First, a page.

Group 2's Responses for October 31st
In his piece, "The Public Sphere," Jürgen Habermas addresses both the history of the public sphere and the way it has transformed from a bourgeois-centered realm consisting mainly of highly educated individuals to one with more participation from the general public.
According to Habermas, the media plays a significant role in the public sphere. The public can't always gather in a physical location and give everyone a chance to express their opinions, but media outlets like newsletters, newspapers, and television allow more people to participate in the public sphere. If Habermas had been writing 30 years later, after the Internet became popular, he would have definitely included new advances in public communication into his analysis. He might even say that the Internet allows for a return to some elements of the older public sphere with a more interactive structure
What is more useful: a relatively organized, small public sphere of highly educated individuals, or a relatively disorganized, larger public sphere that includes nearly everyone?
TISR - Ch. 24
TISR - Ch. 24
In “Media and the Public Sphere,” Nicholas Garnham touches on the information divide that is occurring in society today. He blames this on the exclusivity of the public sphere, keeping those with little ‘knowledge’ out, and leaping others into prosperity. He goes on to examine the relationship between the public sphere and the media, particularly the broadcast medium. Garnham says that “public communication is transformed into the politics of consumerism” (363). Even public service announcements are influenced by competing commercial broadcasting. This is also true with political advertising, as politicians appeal to voters not as rational citizens concerned with public interest, but consumers who will respond to advertisements out of their own self-interest. It then becomes a question of public persuasion and how this influences the public sphere as a whole. The individual is persuaded on an individual level, rather than that of the general public. I think that niche marketing and narrow-casting in media today is a great example of reaching the individual rather than the public as a whole. Marketers have found a way to narrow their audience down to a specific person with certain needs and desires, and this is how they can sell their products or ideas. Some politicians even tailor their messages when campaigning in different markets around the nation. This reality raises an important question, which I think Garnham was trying to get at in his article, about media’s heavy hand in the development of the public sphere.
John Keane’s article “Structural Transformations of the Public Sphere” discusses his vision of the public sphere. He believes that it is outdated to believe the ideal of a unified public sphere and rather it is the development of “complex mosaic of differently sized, overlapping, and interconnected public spheres that force us to radically to revise our understanding of public life” (366). He explains that the three public spheres are idealtypisch and rarely appear alone. Keane goes into detail the three different public spheres, the first the micro-public (local state), the second the meso-public (national state), and the third the macro-public (global state). Keane gives specific examples when defining the three aspects of the public sphere, the most interesting being the development of micro-public spheres among children with video games.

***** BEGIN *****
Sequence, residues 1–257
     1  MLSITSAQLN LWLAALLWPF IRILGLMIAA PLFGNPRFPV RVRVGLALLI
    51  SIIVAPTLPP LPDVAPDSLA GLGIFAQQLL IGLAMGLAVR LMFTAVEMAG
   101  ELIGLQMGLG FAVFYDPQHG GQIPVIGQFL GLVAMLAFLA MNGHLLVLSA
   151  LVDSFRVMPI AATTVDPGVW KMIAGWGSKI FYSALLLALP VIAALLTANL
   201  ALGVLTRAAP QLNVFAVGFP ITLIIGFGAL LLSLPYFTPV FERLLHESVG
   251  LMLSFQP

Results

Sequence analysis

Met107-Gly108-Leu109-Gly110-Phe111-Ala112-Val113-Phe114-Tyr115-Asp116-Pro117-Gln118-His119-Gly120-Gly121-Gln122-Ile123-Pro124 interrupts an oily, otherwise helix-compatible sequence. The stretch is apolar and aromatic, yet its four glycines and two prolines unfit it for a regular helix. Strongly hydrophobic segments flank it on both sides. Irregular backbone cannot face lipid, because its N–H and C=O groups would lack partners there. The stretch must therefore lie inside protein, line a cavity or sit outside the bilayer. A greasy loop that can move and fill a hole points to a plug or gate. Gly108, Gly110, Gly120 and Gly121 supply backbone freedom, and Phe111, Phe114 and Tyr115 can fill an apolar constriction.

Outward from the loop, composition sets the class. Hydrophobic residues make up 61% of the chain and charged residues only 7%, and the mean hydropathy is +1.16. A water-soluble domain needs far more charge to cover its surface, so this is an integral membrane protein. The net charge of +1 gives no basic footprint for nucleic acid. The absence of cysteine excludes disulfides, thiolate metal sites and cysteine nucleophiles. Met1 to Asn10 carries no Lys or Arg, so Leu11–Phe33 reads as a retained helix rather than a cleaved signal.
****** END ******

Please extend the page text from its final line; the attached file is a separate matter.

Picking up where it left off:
Zizi Papacharissi’s article, “The Virtual Sphere”, investigates how political uses of the internet affect the public sphere. Many proponents feel that the internet has given people who wouldn’t normally have a voice, a place to speak their mind. However, many people feel that that there are some negatives to the internet in the public sphere. These people point to a digital divide as reasons why it is not as utopian as we once thought.
The internet is a useful avenue for people who would like to find out information about their representatives such as their voting records and their views on various issues. Another phenomenon that has emerged has been the fact that many political representatives have been using the internet to connect with citizens by posting blogs.
One of the many other reasons that people think the use of internet in the public sphere is such a good thing is because it allows people to connect with eac hother who would not be able to. In chatrooms and forums people can share and discuss their opinions, however this is a very utopian view and is in no way perfect.
-Will public broadcasting survive and be important in the future?
-What public sphere do college students exist in or does everyone span
-Are there significant problems that cause divisions in the public
sphere(s) of today?
-Will the internet reinvent the public sphere or will it just transform it?